Recent research has disclosed metastatic breast cancer risks are increasing for women under the age of 40.
The Journal of the American Medical Association published study found advanced cases of the disease have increased by 1.37 occurrences per 100,000 women between 25 to 34 years of age over the analyzed 34 years, jumping from 1.53 in 1975 to 2.9 in 2009.
Researchers used statistical data from a SEER Cancer Statistics Review from 1975 to 2009, of the US National Cancer Institute’s Surveillance Epidemiology and Ends Results registries, to determine the breast cancer rate. Over 900,000 cases of women with breast cancer were reviewed.
A difference of 1.37 may not appear to be a significant upsurge over three decades, but medical researchers are concerned about the statistical progression. Diagnosis of a late stage metastatic cancer means there is a diminished chance of survival. It is an especially pernicious type, having metastasized or proliferating to other organs like the liver or lungs, making it particularly difficult to treat.
The five-year survival rate for 20 to 34-year-olds diagnosed with metastatic breast cancer is 31 percent compared with 87 percent for women with less aggressive forms of the disease.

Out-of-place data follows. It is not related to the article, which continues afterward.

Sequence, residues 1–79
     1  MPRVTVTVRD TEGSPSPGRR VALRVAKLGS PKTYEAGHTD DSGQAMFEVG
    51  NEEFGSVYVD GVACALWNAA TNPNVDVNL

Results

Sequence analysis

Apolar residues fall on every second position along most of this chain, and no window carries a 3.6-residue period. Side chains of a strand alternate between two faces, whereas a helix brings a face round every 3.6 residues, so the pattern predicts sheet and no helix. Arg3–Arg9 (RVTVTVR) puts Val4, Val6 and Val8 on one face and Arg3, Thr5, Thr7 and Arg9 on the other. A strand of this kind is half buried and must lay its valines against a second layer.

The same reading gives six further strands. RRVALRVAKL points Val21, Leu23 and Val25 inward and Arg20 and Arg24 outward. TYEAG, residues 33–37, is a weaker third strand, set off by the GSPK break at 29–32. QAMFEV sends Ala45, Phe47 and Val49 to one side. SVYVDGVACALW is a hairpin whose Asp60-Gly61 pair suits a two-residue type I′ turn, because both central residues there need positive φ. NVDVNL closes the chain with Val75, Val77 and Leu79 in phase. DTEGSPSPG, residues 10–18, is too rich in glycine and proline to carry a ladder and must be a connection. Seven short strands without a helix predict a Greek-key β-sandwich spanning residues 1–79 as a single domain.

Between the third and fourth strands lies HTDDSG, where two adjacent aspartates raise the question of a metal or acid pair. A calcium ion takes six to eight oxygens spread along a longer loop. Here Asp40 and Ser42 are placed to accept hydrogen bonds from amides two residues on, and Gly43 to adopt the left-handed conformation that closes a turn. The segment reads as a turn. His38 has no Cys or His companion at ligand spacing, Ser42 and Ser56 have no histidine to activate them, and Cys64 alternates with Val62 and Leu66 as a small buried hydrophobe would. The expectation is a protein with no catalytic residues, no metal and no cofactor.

Breast cancer is not as common in younger women. Nearly 1.8 percent of all cases are diagnosed in women from 20 to 34 and 10 percent in women from 35 to 44. However, when it does occur, the disease tends to be more fatal in younger women than in older ones.
According to the Mayo Clinic, some breast cancers are sensitive to the hormones naturally produced in the body, such as estrogen and progesterone. Younger women have higher, or healthier, levels of these hormones.
Dr. Len Lichtenfeld, deputy chief medical officer for the national office of the American Cancer Society, says further studies are needed in order to determine an exact cause for the increase. Lichtenfeld did speculate toxic environmental exposures and changes in lifestyles over the last three decades could be partially to blame. As for the results of the study, he said:
“This study reinforced the message, know your body better than anyone else does. If there is a lump on the breast … swelling in the breast, discharge from the nipple, redness in the skin of the breast, or unexplained pain in the breast, see your doctor.”
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